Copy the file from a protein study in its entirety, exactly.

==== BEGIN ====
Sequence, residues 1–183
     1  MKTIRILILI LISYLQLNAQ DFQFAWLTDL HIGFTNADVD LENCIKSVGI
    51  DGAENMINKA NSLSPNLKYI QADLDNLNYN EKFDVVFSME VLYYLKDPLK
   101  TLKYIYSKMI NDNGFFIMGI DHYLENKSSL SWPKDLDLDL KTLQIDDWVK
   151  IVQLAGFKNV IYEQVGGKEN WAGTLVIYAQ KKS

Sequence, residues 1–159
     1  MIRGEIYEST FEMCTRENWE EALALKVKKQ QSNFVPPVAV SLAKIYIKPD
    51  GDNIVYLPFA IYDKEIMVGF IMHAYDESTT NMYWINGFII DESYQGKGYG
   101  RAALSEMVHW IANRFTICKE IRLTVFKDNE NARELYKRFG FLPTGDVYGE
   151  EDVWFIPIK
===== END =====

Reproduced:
Sequence, residues 1–183
     1  MKTIRILILI LISYLQLNAQ DFQFAWLTDL HIGFTNADVD LENCIKSVGI
    51  DGAENMINKA NSLSPNLKYI QADLDNLNYN EKFDVVFSME VLYYLKDPLK
   101  TLKYIYSKMI NDNGFFIMGI DHYLENKSSL SWPKDLDLDL KTLQIDDWVK
   151  IVQLAGFKNV IYEQVGGKEN WAGTLVIYAQ KKS

Sequence, residues 1–159
     1  MIRGEIYEST FEMCTRENWE EALALKVKKQ QSNFVPPVAV SLAKIYIKPD
    51  GDNIVYLPFA IYDKEIMVGF IMHAYDESTT NMYWINGFII DESYQGKGYG
   101  RAALSEMVHW IANRFTICKE IRLTVFKDNE NARELYKRFG FLPTGDVYGE
   151  EDVWFIPIK